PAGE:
Baroness Blatch: Perhaps I may ask the Minister whether what he said subsumes my concerns in Amendment No. 155. For a long time the Government have been calling for victims to receive more information, but more information about the progress of the prosecution of the case in which they are involved. I would be reassured if everything I was concerned about in the amendment has been subsumed.
In rising to put this point, perhaps I may also express support for my noble friend Lord Windlesham. It would be disappointing, to say the least, given all the good intentions of attempting to do much more for victims, if the sum total achieved were to be a lesser service than they have hitherto received under the circular issued in 1995.
Lord Bassam of Brighton: I can now give a response to the noble Lord, Lord Thomas of Gresford. It is a fairly obvious one, and I am sorry that I did not "twig" it earlier. The provision will not apply to magistrates' courts because their sentencing powers are restricted to six months maximum. That is the simple explanation. We ought both to have known that, but I am sorry that I was not able to give the noble Lord the answer first off.
I have listened to the points made by the noble Lord, Lord Windlesham. We shall examine them carefully. I do not think that the concerns of the victim support organisations are quite right; however, I am grateful that the noble Lord has taken the opportunity to raise them. In regard to the points raised by the noble Lord, particularly his reference to subsections (3)(b) and (6)(b), I see one as an amplification of the other. We need to take the matter away and give it further consideration.
The noble Baroness, Lady Blatch, raised a point in relation to her Amendment No. 155. There is no intention that the level of service should be reduced and the new statutory duty will be on top of the existing guidance. I believe that that covers the point made by the noble Lord, Lord Windlesham. On a cursory inspection of the amendment, I believe that the matters the noble Baroness raises may well be subsumed within it. However, I do not want to be definitive. I need to reflect further. We are grateful to the noble Baroness for tabling the amendment. It is helpful and is supportive of the general drift of what we are trying to achieve with the new clauses introduced by these amendments.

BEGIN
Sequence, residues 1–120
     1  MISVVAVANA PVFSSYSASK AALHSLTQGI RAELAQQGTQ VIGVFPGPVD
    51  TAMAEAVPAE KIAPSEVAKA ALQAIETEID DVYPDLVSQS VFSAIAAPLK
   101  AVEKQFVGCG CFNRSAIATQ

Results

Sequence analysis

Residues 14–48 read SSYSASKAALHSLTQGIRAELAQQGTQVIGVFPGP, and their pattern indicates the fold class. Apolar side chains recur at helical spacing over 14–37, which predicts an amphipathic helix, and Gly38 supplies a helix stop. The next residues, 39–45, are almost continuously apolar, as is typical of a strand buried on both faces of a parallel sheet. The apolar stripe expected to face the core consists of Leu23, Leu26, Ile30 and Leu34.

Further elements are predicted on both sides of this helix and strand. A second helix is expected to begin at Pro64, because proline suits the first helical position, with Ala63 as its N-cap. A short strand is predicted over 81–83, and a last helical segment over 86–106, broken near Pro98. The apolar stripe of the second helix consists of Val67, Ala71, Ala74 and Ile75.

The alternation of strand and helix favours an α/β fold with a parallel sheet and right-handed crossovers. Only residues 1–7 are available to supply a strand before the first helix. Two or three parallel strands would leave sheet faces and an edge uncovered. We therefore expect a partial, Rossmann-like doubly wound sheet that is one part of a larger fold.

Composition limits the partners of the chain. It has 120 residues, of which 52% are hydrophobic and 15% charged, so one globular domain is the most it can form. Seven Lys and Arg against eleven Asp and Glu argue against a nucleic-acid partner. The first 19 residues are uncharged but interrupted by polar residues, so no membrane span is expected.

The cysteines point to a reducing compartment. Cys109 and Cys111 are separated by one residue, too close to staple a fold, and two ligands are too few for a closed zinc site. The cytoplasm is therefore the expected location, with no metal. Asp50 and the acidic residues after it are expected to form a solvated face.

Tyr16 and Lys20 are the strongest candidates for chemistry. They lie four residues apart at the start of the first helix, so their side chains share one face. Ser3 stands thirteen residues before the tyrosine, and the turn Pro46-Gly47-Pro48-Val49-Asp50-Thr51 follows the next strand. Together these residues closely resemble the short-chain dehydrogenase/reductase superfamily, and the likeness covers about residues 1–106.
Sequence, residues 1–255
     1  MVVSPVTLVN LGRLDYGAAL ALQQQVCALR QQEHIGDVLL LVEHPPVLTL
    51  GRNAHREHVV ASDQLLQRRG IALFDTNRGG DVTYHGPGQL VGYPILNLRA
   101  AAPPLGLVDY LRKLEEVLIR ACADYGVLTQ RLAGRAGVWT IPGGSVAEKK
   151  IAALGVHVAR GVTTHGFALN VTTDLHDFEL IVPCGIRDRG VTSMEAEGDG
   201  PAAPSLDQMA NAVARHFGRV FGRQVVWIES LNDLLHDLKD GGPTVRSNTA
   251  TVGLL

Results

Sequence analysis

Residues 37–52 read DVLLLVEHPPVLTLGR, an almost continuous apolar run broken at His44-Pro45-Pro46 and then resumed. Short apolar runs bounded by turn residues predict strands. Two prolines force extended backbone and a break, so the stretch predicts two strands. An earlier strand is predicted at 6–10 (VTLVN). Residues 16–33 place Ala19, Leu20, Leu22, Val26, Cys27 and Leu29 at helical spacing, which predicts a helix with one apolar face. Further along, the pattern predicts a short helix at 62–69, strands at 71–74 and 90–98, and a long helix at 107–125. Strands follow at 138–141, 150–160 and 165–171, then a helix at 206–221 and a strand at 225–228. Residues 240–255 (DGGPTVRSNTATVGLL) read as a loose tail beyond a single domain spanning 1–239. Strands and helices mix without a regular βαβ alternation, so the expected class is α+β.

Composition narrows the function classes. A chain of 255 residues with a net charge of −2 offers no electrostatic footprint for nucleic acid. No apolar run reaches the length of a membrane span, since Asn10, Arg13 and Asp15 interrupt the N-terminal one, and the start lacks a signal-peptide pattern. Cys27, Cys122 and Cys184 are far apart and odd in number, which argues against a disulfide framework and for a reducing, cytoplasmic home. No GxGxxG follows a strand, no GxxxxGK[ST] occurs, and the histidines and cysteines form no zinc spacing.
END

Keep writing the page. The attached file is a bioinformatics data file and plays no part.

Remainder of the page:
I cannot deal with every point raised. We shall clearly need to return to these matters. If there are some improvements that we can make as a result of the issues raised from all corners of the Chamber, we shall of course endeavour to do so.
I am grateful to the noble Lord, Lord Dholakia, for his observations. I, too, live not far away from the area where the unfortunate events concerning Sarah Payne took place. They certainly had a profound impact on my family and the people with whom I mix in that community. These measures will go a long way to give the necessary reassurance to the public, together with amendments that we shall debate later this evening.
Baroness Blatch: Before the noble Lord sits down, I shall not press my amendment and I shall not speak to it again when we come to it. However, I should like to say that it was not a question of reducing the effects of the amendment. The prosecuting authorities did not have the obligation in the first place to provide information on the progress of the prosecution. I should like to know whether that new obligation on the part of the prosecuting authority is subsumed; and, if it is not, could it be subsumed in any new arrangements?